Antibiotic resistance kills an estimated 700,000 people each year worldwide and experts predict that this number could hit 10 million by 2050. Rapid diagnostics would play an essential role in the fight against this alarming phenomenon by improving the way in which antibiotherapy is used, notably by stopping the unnecessary use of antibiotics. Clinical microbiology has relied on culture as the standard method for characterizing pathogens over the past century. This process is time-consuming and requires large biomasses. In this context, single-cell monitoring would be a significant breakthrough compared to Petri dishes culture. A first step was achieved by the demonstration of single bacterium trapping by optical tweezers and integrated photonics. Here, the nondestructive real-time state monitoring of a single alive trapped bacterium is demonstrated. In order to achieve this, a two-laser setup was developed to simultaneously trap and monitor a single bacterium in the near-field of a nanobeam microcavity. While the first laser is used to excite the optical field tweezing the bacterium, the second laser probes the cavity resonance spectrum. The bacterium optical interaction with the resonant cavity mode allows to assess the bacterium state in real time when subjected to an antibacterial agent (antibiotics, alcohol, temperature). Confronted to standards culture-based methods, this optical label-free approach yields relevant information about bacterial viability, without time-consuming culture or staining.
Those results evidence that on-chip devices operating at telecom wavelength may greatly enhance the monitoring of bacteria in the near future leading to major improvements in health care diagnosis and patient treatments.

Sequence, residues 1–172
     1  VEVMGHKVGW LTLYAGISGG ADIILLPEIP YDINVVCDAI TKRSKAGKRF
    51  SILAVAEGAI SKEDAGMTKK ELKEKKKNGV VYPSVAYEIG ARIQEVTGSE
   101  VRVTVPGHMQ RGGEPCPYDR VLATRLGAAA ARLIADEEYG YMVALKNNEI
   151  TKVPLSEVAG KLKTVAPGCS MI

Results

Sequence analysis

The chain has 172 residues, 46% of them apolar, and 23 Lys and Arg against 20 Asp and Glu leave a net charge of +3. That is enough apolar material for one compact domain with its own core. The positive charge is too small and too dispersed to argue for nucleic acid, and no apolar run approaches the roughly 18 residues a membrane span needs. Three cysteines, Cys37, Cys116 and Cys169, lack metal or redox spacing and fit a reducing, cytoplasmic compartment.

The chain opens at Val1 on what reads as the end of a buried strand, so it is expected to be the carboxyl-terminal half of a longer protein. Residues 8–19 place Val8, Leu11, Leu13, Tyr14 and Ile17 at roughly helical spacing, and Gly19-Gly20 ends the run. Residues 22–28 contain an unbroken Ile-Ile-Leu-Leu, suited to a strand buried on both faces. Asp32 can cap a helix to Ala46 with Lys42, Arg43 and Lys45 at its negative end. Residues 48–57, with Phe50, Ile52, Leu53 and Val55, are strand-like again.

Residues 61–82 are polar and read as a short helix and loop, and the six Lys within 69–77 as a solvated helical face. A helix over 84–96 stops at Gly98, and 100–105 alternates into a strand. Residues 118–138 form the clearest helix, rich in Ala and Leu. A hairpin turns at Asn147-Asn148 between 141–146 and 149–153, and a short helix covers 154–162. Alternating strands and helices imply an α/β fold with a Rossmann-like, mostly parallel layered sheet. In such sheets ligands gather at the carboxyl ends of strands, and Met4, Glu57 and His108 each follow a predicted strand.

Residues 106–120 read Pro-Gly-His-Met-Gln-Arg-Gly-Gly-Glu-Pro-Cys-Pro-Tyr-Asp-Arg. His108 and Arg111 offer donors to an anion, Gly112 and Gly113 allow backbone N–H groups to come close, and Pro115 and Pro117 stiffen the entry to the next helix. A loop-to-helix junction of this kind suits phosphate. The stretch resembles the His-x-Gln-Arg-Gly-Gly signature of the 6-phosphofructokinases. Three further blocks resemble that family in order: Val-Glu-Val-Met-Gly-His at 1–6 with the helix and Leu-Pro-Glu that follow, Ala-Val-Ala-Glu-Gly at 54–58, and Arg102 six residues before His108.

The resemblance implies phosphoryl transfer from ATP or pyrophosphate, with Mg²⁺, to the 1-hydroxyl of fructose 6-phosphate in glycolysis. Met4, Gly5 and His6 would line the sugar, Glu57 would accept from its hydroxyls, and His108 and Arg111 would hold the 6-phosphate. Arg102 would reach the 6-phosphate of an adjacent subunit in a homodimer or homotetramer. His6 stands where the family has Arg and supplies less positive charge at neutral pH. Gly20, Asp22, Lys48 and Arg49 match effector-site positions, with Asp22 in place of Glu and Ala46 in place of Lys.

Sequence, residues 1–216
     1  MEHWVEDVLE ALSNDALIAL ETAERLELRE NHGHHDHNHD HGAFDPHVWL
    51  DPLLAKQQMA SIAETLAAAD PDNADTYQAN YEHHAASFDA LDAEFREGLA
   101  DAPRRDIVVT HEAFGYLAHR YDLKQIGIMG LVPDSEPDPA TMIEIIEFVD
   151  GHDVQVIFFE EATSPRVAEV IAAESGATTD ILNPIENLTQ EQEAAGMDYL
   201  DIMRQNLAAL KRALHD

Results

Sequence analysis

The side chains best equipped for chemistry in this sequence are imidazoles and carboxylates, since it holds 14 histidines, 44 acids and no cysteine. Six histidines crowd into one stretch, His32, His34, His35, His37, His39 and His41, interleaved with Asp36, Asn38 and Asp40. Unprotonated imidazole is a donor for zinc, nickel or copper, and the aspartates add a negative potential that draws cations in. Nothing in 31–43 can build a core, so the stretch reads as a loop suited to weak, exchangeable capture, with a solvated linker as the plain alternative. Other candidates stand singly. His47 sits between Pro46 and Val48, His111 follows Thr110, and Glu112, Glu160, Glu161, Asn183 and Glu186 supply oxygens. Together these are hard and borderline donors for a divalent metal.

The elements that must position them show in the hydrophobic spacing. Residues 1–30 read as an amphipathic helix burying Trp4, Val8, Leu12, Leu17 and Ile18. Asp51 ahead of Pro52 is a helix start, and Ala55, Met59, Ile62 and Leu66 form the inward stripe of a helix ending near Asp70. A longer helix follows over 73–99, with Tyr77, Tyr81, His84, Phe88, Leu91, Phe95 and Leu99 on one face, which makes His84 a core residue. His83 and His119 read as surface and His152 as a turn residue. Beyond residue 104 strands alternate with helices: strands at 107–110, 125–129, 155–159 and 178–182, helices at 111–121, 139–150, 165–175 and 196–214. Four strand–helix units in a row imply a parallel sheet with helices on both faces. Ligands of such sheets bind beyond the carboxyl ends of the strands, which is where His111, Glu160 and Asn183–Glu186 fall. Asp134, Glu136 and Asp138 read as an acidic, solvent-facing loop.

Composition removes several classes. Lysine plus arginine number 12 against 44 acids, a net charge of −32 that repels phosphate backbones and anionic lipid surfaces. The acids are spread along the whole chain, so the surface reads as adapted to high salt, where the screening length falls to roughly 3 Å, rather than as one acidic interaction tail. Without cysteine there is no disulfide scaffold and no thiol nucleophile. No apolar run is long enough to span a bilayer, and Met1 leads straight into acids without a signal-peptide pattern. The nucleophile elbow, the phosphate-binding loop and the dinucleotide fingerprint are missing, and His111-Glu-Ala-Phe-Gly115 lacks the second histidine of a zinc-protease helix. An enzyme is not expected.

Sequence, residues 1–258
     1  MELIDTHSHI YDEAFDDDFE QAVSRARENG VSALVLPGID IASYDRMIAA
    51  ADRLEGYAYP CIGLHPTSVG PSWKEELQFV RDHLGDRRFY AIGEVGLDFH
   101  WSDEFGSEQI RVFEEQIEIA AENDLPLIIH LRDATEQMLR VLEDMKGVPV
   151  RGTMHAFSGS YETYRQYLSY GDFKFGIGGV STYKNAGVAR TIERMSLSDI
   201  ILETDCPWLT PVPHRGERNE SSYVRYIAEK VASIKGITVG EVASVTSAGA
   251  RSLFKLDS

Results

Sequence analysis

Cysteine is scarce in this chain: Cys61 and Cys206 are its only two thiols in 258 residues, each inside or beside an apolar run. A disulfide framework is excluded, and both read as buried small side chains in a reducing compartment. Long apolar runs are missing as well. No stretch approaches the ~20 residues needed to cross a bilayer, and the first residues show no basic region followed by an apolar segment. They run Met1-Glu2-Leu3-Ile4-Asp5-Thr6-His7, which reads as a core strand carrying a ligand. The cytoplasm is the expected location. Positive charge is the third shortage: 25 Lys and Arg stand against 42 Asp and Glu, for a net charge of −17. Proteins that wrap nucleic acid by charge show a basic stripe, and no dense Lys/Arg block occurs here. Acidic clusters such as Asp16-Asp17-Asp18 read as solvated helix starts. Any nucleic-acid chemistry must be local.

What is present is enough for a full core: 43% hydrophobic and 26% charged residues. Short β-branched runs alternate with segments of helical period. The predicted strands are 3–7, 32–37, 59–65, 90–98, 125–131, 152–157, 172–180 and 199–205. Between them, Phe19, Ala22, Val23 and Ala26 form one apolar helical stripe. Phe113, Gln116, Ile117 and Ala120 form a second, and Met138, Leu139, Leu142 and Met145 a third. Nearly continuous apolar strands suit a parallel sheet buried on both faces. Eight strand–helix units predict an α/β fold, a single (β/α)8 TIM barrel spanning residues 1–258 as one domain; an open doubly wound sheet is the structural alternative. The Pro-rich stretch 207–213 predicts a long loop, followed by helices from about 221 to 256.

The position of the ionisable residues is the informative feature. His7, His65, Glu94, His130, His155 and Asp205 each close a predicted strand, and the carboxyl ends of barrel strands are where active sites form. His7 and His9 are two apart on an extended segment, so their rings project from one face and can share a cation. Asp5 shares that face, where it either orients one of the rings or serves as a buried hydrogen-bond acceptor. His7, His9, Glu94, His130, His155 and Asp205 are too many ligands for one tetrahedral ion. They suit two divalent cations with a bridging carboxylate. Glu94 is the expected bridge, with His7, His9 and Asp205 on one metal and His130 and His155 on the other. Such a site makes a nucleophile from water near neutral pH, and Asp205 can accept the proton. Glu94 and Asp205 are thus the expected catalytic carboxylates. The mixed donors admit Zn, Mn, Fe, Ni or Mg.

The development of methods for the rapid analysis of pathogenic bacteria or viruses is of crucial interest in the clinical diagnosis of infectious diseases. In the last decade, optical resonators integrated with microfluidic layers arose as promising tools for biological analysis, notably thanks to their ability to trap objects with low powers, beneath the damage threshold of biological entities, and with a small footprint. Moreover, the resonant nature of optical cavities allows for the simultaneous acquisition of information on the trapped objects, thanks to the feedback effect induced by the specimen on the trapping field itself.
Here we report on the trapping and on the Gram-type differentiation of seven types of living bacteria in an optofluidic system based on an optical cavity consisting in a large hole in a 2D silicon photonic crystal membrane. The hollow nature of the resonant cavity results in a large overlap between the confined field and the hollow volume, allowing for a maximum interaction between the trapping field and the trapped cell. The optical cavity was excited at the resonance wavelength and the shift induced by the trapped bacteria was analysed. To test the trapping capabilities of our structure, we investigated seven types of bacteria, featuring different morphologies, Gram-types and mobilities (presence or absence of flagella). The analysis of the resonance shift yielded Gram typing in a label-free and not destructive way, due to differences in the refractive index and in the deformability of the cell wall. In particular, Gram negative bacteria showed a larger shift.
Near-field optical forces arise from evanescent electromagnetic fields and can be advantageously used for on-chip
optical trapping. In this work, we investigate how evanescent fields at the surface of photonic cavities can efficiently trap
micro-objects such as polystyrene particles and bacteria. We study first the influence of trapped particle’s size on the
trapping potential and introduce an original optofluidic near-field optical microscopy technique. Then we analyze the
rotational motion of trapped clusters of microparticles and investigate their possible use as microfluidic micro-tools such
as integrated micro-flow vane. Eventually, we demonstrate efficient on-chip optical trapping of various kinds of bacteria.